Developers have been waiting years for public-private partnerships (PPP) to take off in the GCC’’s largest market, Saudi Arabia. The stars have never been better aligned, but numerous questions remain over how the kingdom’’s programme will take shape.

“On a macro level, Saudi Arabia definitely has to deliver on PPPs,” says Antoine Cousin, partner at the US’ White & Case and a veteran of Saudi PPP projects. “On the back of very strong demographics (about 50 per cent of the population is under the age of 20), and lower oil prices, and also political pressure, the kingdom has to, –and has signalled its intent to, –start delivering on more social infrastructure PPPs.”

Saudi Arabia has indicated its intention to move towards PPP in the Vision 2030 and National Transformation Programme. But it is still unclear how this will happen and under what legal framework.

Existing framework

“There is already a framework for PPP, although few people know about it,” says Cousin. “There are privatisation guidelines from the early 2000s, which could provide a basic framework. This law says that if any government entity or line ministry wants to procure a PPP project, they would have to put together project documents and tendering rules, and submit them to the Supreme Economic Council for approval. The council used to be chaired by the king, so once it endorsed the project the king had effectively endorsed it.”

This allowed several PPP projects to go ahead, most notably the Prince Mohammed bin Abdulaziz airport (PMBAIA) in Medina. However, recent PPP projects have run into problems due to the government’s unwillingness to take on certain risks such as traffic.

For example, the General Authority of Civil Aviation (Gaca) declined to offer a hard guarantee or soft traffic allocation for the Taif airport PPP, resulting in low developer interest. Gaca then tried to include less profitable regional airports in the deal, which is currently being restructured.

Since the Supreme Economic Council was replaced by the Council of Economic & Development Affairs in 2015, it is also unclear how the existing guidelines would function.

“As a basic framework, it was good as it provided flexibility and room for manoeuvre,” says Cousin, who advised the Saudi government on the PMBAIA project. “However, the Supreme Economic Council has now been disbanded, so it is not so clear what the PPP approval process is anymore. Therefore, it probably makes sense for the kingdom to put together a more comprehensive PPP framework.”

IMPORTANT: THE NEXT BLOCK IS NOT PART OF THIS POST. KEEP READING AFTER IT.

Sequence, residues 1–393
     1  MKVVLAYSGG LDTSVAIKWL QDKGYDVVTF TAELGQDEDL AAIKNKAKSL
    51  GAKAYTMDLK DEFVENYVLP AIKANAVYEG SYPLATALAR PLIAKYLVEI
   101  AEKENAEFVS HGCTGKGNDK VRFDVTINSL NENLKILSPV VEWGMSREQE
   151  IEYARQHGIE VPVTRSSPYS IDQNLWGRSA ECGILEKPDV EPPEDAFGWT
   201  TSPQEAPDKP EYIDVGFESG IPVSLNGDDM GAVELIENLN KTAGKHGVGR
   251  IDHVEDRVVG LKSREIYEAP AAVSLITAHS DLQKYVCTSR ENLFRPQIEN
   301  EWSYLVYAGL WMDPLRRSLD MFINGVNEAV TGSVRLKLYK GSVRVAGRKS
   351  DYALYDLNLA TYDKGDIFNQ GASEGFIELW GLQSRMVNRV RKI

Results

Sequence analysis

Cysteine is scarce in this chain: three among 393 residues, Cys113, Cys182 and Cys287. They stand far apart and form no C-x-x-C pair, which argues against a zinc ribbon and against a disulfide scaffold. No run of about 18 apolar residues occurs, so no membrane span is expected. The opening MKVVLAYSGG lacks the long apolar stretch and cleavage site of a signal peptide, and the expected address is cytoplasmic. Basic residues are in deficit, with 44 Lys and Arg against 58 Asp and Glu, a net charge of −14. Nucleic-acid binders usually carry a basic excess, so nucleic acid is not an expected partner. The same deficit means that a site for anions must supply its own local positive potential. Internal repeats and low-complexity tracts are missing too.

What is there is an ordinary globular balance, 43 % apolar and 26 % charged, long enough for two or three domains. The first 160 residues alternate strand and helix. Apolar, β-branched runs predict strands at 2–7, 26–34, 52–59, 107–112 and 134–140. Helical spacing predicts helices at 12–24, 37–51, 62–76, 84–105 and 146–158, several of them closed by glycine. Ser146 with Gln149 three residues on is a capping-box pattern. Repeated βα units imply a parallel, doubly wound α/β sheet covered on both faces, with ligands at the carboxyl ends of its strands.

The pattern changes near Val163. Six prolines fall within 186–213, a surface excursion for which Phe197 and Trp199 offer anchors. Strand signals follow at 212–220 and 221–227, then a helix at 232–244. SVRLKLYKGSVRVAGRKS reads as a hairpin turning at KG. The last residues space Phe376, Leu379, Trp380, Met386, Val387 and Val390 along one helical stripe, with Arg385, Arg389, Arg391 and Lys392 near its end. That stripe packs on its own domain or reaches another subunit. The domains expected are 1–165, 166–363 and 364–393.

Simple set-up

Lawyers and consultants have been expecting a new PPP framework in the kingdom since mid-2016. Cousin advocates for a simple set-up.

“They can enact simple legislation allowing for PPP projects, setting aside the traditional public procurement law, which, as in many countries, is very prescriptive and not suitable for PPP,” he explains. “The framework would set out the fundamental requirements of PPP projects, the fundamental provisions of contracts, and a transparent, streamlined procurement process.”

Establishing PPP frameworks and units is taking neighbours Oman and Qatar about a year, delaying schemes. Saudi Arabia has already experienced nine months of postponements as it realigns its entire economic strategy to low oil prices, restructuring a significant number of government entities.

“There is often tension between implementing things quickly (due to the infrastructure and demographic requirements), and putting in place a comprehensive, replicable PPP framework,” says Cousin. “In fact, you can quite successfully turn to, for example, the housing or health ministries or Gaca and get the relevant stakeholders to implement PPPs quite quickly, without a large, complex, ambitious, all-encompassing institutional overhaul. That said, establishing a multi-sector PPP unit would certainly prove useful in the long run, provided it is adequately staffed (including with senior PPP experts) and is assisted by specialist transaction advisers.”

A few small yet bankable projects could get lenders and investors comfortable with the market, despite concerns over transparency and standardisation.

Centralised PPP unit

Cousin also argues that establishing a PPP unit, as Egypt, Kuwait and Oman have chosen to do, is not essential.

“Based on experience, putting a centralised PPP unit in place is not always the easiest and most optimal route,” he explains. ”Again, getting the right staff in place can take some time, and there may be conflicting prerogatives. A newly established sectorial or multi-sector PPP unit has to find a modus operandi with other government stakeholders, engage with local and international bidders, progressively assert itself and find its place; and then it can be really helpful.”

As for projects outside the utilities sectors, a clear pipeline has yet to emerge in Saudi Arabia. Some progress is being made in social infrastructure, light rail and airports.

“The requirements for healthcare, housing and education are massive, so in principle the kingdom should procure PPP in these three sectors,” says Cousin. “Moving from the traditional public procurement mindset and embracing PPPs inevitably means relinquishing some control, but I understand the political will is there.”

Antoine Cousin is a partner at White & Case